|Issue:||Volume 9, Number 50|
31 Nollaig / Thursday 31st December 1987
|Discuss:||Comments on this document|
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This edition of An Phoblacht/Republican News joins others in the Archive, but is of particular note due to being the first from the 1980s. Issued on 31st of December 1987 this edition contains a review of the year, an article on the recent assassination of UDA Commander John McMichael earlier that month, a piece on on how Section 31 was likely to be renewed in the Republic of Ireland as well as another on how community activists in the South were also being arrested on charges of IRA membership.
The month by month review of 1987 is of particular interest since there was an election in the Republic that year in February which returned a Fianna Fáil led coalition. This was the first election which Sinn Féin contested on a non-abstentionism platform and gained 1.9% of the first preference vote. AP/RN is phlegmatic about this result noting:
While at the start of the South’s GE SF were fairly optimistic of a good result, by mid-February it was clear that the prospect of a Fine Gael/Progressive Democrat coalition taking power had frightened many voters who might other wise have voted SF. The isolation imposed by 65 years of abstentionism and many other factors besides was not going to be overturned in one election. Sinn Féin had organisational problems and had a long way to go. It could only progress by setting its sights on winning seats in the next election through being involved in the issues and struggle which affect the people.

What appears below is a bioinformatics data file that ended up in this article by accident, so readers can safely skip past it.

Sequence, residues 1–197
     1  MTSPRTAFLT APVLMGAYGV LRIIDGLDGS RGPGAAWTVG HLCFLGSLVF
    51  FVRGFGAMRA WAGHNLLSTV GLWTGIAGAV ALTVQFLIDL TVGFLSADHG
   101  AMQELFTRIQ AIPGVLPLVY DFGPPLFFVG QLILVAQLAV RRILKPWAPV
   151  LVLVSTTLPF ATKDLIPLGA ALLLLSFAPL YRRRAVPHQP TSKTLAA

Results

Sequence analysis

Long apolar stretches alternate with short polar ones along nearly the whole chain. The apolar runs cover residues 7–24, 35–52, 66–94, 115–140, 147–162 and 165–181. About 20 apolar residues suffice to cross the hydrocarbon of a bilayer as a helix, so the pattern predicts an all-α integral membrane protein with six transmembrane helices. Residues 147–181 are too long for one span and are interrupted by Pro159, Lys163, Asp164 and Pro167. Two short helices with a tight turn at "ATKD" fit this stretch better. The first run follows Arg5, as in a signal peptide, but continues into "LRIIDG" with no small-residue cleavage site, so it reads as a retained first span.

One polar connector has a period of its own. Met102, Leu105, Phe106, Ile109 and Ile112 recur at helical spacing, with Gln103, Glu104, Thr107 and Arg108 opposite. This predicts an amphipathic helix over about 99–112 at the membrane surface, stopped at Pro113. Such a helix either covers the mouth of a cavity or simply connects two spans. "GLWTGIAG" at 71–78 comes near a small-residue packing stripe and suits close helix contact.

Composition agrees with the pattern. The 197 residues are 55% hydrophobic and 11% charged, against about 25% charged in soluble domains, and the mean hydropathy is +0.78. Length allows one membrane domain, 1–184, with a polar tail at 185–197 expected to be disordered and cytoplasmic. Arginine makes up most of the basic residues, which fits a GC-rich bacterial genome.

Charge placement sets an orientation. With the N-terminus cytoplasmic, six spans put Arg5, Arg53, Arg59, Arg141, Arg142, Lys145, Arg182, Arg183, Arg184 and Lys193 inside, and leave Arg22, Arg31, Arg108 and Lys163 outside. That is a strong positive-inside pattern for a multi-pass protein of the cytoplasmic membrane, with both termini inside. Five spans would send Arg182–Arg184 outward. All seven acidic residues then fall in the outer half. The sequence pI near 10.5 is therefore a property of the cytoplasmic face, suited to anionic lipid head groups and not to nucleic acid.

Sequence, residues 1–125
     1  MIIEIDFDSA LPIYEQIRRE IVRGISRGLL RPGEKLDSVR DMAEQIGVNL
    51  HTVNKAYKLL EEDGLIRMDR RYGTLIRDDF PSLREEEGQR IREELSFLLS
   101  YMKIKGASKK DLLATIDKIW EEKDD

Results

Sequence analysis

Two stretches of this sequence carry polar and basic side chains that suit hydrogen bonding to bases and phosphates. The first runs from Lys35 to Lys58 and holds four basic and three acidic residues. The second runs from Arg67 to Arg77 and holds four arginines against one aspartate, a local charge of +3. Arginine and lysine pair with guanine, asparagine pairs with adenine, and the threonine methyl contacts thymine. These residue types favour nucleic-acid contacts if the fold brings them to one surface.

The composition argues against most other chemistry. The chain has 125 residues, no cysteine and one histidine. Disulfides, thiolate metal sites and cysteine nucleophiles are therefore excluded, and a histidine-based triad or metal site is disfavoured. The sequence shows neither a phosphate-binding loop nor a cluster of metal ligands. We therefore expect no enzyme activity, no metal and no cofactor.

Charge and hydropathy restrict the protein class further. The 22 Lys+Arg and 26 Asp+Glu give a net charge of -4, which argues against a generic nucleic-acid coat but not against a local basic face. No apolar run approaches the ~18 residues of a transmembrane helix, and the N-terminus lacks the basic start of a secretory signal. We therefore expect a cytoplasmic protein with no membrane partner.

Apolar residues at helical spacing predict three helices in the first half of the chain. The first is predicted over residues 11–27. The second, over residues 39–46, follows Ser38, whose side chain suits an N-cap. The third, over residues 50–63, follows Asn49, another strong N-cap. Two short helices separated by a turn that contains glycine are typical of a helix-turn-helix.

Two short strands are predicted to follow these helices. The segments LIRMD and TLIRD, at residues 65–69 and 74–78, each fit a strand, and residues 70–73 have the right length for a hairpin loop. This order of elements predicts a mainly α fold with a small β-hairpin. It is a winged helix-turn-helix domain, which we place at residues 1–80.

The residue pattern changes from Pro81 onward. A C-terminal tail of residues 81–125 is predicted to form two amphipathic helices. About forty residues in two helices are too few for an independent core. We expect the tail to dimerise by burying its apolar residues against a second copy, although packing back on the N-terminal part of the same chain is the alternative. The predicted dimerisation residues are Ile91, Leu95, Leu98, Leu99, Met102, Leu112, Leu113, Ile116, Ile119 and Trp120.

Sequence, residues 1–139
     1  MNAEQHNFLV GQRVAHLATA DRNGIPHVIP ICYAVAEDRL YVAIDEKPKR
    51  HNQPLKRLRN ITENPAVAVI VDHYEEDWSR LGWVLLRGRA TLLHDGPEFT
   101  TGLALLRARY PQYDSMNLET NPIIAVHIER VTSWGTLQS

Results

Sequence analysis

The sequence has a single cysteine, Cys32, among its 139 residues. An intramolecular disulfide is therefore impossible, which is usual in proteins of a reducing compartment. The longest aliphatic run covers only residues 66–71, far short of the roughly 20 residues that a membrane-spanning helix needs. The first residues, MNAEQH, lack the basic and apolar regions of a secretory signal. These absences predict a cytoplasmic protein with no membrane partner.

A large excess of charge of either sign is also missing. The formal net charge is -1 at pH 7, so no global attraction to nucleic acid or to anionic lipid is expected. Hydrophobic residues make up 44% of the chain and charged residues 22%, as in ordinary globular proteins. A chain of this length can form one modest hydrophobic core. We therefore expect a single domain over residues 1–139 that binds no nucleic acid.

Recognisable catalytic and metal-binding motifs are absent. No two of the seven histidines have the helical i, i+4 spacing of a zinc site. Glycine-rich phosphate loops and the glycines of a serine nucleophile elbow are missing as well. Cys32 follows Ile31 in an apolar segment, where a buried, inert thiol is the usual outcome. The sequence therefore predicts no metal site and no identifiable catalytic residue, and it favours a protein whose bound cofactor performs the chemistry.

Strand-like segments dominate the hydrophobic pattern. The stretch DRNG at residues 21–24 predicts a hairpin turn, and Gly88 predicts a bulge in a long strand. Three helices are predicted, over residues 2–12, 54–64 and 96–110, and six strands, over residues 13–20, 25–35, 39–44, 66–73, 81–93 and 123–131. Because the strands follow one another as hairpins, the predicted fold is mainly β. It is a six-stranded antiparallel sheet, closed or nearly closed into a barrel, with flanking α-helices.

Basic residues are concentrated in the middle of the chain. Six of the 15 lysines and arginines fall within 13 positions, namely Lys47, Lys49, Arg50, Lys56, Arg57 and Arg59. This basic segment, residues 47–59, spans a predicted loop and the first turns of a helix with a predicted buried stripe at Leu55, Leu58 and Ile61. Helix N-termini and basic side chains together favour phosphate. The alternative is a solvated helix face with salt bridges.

In May that year the paper notes that ‘the month was dominated by the IRA’s most tragic loss since the Tan War when eight Volunteers and one civilian were killed in an ambush at Loughall, Co. Armagh on May 8th’. On November 8th the paper notes ‘a bomb exploded in Enniskillen, County Fermanagh, killing 11 people who were waiting for the annual British Legion Remembrance Day ceremony to begin. In a statement the following day the IRA admitted responsibility for planting the bomb but said that it had not detonated it…expressing deep regret at what occurred.’
The paper also had a ‘World View Review’ of the year, which suggests that ‘An almost comic note was hit in December when the US President entertained Mikhail Gorbachev in Washington. Gone was Reagan’s denunciation of the Soviet leader’s ‘evil empire’ – the Soviet Union had suddenly become flavour of the month in the capitalist west. IN his last year of office Reagan is trying to win a reputation as a peacemaker – an ironic fact in view of his massive nuclear arsenal and his attempts to crush freedom in Central America.’ and a piece notes that ‘the London based National Union of Students has recognised that Britain has no progressive role to play in Ireland and should commit itself to a programme of unconditional political and military withdrawal’.
Other features of interest are Beannachtaí na hAthbhliana from various individuals and organisation to Republican POWs and the satirical ‘Flying Column’ on the last page.